I thought that this post would be the ideal way to brush the proverbial dust from Fluid Imaginings. What better way to remedy silence than with some thoughts on my recent writing experiences?
A scribe from a 1533 book of hours (Wikimedia Commons)
Academics are motivated by a wide range of loves. Research, teaching, conferences, social causes, to name but a few. I also love those things, but writing is the thing I love the most. When I am writing, the world recedes and I am alone with the words. Unlike some, I love editing with equal passion. My favourite part of my PhD experience was actually the periods of prolonged editing. In my life after research, my interest in editing—strengthened by time as an editorial assistant during my PhD—has blossomed into the beginnings of a career, should I choose it. As a house editor for a legal publishing company, I have unabashedly indulged my love of editing. I even like the law, to a certain extent.
In the months since the completion of my doctorate, I have been surrounded by words. Unlike the time of my doctorate, the words are not my own. I swim in a sea of other people’s thoughts, shaping them into something new. It is rewarding. And yet, I lost myself in the process, developed a severe block to my own ability to compose. I made excuses to myself as to why I did not feel like writing. I took a break, and yet the break would have broken me. I felt refreshed in many ways after years of research-based anxiety, but learned how fundamentally connected I am to the experience of writing. Without my own words, my own voice, I am less.
In the complex liminal space beyond doctoral study, I gained many things. My life is, to my mind, objectively superior in many ways to what it was when I set out on the path to a PhD. I am happy. And yet without writing, I can never reach my potential. I rely on the flow of words to articulate myself to myself, and to the world. The contagion spread into other aspects of my writing life. I no longer felt able to write lists, to compose my thoughts on paper. I felt unable to write blog posts. I even lost interest in writing on social media, despite reading as much as ever. Without words, a silence grows within. After a while, it eats at your self-worth.
The change came when I started to make use of the spaces between. It is easy to make work for oneself, to crowd out the time that it takes to write. The writing instinct, like a muscle, is prone to atrophy. When I started to fill my spare time—my commuting time, for a start—with writing, it was like a dam bursting within my mind, cleansing the vista of my inner landscape with new vitality. One word becomes ten, ten become one hundred. I never thought that a time would come when I could not write, and yet it can happen to us all. To my mind, the issue for me was that I knew how to write when I was completing my PhD, but was not prepared for what comes next.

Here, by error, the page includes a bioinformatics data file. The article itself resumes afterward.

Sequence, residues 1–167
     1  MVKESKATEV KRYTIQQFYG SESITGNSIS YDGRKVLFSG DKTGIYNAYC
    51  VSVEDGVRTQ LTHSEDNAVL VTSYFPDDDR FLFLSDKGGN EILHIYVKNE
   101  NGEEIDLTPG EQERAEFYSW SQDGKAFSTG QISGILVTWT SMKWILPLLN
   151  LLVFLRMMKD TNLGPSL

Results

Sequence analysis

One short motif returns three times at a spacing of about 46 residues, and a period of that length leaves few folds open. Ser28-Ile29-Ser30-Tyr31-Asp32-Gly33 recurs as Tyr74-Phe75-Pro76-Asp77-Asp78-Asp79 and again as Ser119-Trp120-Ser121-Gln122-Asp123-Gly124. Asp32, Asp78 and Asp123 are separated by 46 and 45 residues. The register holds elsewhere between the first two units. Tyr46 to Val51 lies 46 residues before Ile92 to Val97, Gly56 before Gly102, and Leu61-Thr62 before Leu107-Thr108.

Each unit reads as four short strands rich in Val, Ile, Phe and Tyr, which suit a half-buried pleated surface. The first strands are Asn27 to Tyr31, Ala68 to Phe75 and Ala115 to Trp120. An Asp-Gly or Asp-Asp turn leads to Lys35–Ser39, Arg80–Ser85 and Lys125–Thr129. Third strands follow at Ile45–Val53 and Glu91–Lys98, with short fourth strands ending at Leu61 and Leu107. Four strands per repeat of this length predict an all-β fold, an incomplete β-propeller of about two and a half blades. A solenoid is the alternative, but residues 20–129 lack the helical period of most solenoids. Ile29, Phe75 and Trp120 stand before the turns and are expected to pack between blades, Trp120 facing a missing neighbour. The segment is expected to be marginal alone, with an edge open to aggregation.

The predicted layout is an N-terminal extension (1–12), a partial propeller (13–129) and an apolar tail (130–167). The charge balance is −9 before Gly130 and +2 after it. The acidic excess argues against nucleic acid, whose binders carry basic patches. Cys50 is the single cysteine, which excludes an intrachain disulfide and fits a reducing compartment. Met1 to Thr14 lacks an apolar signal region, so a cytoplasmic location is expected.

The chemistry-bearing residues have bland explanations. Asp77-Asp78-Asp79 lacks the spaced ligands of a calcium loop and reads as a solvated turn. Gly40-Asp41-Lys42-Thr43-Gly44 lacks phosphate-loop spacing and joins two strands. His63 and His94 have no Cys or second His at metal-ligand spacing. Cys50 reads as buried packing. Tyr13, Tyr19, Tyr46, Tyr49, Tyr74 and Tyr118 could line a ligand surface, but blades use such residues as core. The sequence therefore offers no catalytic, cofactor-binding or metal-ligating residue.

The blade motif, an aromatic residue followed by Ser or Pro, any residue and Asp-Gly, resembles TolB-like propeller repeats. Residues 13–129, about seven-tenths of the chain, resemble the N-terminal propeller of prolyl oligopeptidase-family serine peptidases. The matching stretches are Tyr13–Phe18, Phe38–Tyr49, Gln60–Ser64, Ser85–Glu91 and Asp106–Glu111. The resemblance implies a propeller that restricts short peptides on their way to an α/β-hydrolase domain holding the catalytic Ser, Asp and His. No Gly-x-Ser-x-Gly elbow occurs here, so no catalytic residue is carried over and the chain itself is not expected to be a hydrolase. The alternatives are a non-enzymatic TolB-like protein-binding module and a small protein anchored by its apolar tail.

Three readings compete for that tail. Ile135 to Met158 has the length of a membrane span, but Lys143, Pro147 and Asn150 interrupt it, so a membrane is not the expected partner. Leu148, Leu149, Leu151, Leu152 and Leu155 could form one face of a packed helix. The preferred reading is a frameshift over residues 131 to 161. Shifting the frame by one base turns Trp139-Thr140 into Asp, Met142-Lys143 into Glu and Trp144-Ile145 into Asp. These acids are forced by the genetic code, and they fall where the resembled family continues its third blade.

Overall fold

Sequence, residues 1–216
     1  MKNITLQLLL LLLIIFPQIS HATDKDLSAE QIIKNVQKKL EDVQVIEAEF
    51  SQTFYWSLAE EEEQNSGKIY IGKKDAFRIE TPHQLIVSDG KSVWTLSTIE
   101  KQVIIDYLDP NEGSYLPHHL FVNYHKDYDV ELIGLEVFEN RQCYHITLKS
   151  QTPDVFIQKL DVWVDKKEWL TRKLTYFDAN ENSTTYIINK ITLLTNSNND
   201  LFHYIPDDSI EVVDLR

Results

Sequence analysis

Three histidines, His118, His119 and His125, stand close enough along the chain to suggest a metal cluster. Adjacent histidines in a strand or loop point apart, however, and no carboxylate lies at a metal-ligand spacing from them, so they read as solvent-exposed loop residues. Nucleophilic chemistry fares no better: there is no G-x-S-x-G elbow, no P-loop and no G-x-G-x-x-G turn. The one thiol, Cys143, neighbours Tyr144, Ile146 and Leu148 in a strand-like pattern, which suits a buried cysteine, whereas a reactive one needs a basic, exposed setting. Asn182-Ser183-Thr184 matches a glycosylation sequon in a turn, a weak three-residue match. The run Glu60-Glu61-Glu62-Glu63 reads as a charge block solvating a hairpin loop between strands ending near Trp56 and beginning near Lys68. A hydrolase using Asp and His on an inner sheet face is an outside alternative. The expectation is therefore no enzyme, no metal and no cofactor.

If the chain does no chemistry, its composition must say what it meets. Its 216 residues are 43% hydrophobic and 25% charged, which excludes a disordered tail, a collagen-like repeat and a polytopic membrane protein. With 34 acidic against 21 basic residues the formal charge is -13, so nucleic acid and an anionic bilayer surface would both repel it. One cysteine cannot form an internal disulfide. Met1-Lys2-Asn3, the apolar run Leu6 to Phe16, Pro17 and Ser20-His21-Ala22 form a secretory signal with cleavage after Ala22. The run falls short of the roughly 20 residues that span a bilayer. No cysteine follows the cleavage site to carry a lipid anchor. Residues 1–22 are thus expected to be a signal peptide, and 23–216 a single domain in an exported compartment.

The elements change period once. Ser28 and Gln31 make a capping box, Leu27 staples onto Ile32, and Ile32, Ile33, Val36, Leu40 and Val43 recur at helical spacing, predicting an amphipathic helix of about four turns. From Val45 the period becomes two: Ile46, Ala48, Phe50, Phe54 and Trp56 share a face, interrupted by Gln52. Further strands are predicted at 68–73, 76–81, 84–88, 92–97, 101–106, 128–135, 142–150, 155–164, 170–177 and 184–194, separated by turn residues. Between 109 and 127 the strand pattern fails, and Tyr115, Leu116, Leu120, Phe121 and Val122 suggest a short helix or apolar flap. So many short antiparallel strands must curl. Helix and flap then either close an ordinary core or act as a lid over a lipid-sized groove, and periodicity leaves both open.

Some move straight from PhD to research job, but my path has taken me through a valley that diverges from the academic path. In this quiet space, the hubbub of scholarship grows faint. I have learned a much broader skill set than I ever thought possible, and yet I felt that in doing so I had lost my first intellectual love, the labour of creating and crafting one’s own words. Moving away from the sounds of daily academic life is peaceful, but also desolate. I cannot explain this in logical terms, for it happened on a level beyond intellection. As I grew in other areas and began to see the course of my life stretch before me, I neglected to write. Prior to this point, this had been impossible. Too many pressing deadlines. More opportunities to write than time to write in. I resented writing on occasion, worried.
I now feel a new balance, and it warms me. I am richer in so many ways—in love, in life, in experience—than I was at the start of this journey. I set out on a quest to add a lifetime habit of writing to this wealth. Whatever I become, I will be a writer. I will be a scholar, no matter my career. I will not allow myself to leave my words behind. Without words, I feel like an empty vessel. Words pour into the mind, disrupt it, change it. Only penning (or typing) words of my own can shape my destiny. Humanities scholars know this better than most. We must be unafraid and in love with our pens if we are to change the destiny of our world. Even if we are not within the traditional university, the lexical habits of our training will always fill life with meaning. I only truly understood this lesson by temporarily forgetting it. Hardly a road to Damascus moment, but something small and precious.